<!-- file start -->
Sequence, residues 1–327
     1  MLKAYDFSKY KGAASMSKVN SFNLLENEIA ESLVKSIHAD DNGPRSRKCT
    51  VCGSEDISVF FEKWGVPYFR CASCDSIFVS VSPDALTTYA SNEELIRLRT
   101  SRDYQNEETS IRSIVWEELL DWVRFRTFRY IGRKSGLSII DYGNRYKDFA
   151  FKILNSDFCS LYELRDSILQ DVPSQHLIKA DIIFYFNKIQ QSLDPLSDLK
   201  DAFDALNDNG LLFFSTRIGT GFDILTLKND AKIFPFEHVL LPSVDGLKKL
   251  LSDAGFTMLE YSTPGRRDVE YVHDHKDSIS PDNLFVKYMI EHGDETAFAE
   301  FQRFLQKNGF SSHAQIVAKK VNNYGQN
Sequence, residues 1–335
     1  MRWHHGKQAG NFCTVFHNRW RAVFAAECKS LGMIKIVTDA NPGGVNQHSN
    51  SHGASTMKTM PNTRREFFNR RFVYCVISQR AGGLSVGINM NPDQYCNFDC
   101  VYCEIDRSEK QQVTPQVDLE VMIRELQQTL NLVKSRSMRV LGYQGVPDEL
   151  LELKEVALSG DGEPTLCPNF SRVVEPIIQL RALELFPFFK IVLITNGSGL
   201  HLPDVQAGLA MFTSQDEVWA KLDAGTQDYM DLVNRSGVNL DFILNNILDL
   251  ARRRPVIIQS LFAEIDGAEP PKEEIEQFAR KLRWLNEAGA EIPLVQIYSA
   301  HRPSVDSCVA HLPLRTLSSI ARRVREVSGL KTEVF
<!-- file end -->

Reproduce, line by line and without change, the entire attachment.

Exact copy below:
Sequence, residues 1–327
     1  MLKAYDFSKY KGAASMSKVN SFNLLENEIA ESLVKSIHAD DNGPRSRKCT
    51  VCGSEDISVF FEKWGVPYFR CASCDSIFVS VSPDALTTYA SNEELIRLRT
   101  SRDYQNEETS IRSIVWEELL DWVRFRTFRY IGRKSGLSII DYGNRYKDFA
   151  FKILNSDFCS LYELRDSILQ DVPSQHLIKA DIIFYFNKIQ QSLDPLSDLK
   201  DAFDALNDNG LLFFSTRIGT GFDILTLKND AKIFPFEHVL LPSVDGLKKL
   251  LSDAGFTMLE YSTPGRRDVE YVHDHKDSIS PDNLFVKYMI EHGDETAFAE
   301  FQRFLQKNGF SSHAQIVAKK VNNYGQN
Sequence, residues 1–335
     1  MRWHHGKQAG NFCTVFHNRW RAVFAAECKS LGMIKIVTDA NPGGVNQHSN
    51  SHGASTMKTM PNTRREFFNR RFVYCVISQR AGGLSVGINM NPDQYCNFDC
   101  VYCEIDRSEK QQVTPQVDLE VMIRELQQTL NLVKSRSMRV LGYQGVPDEL
   151  LELKEVALSG DGEPTLCPNF SRVVEPIIQL RALELFPFFK IVLITNGSGL
   201  HLPDVQAGLA MFTSQDEVWA KLDAGTQDYM DLVNRSGVNL DFILNNILDL
   251  ARRRPVIIQS LFAEIDGAEP PKEEIEQFAR KLRWLNEAGA EIPLVQIYSA
   301  HRPSVDSCVA HLPLRTLSSI ARRVREVSGL KTEVF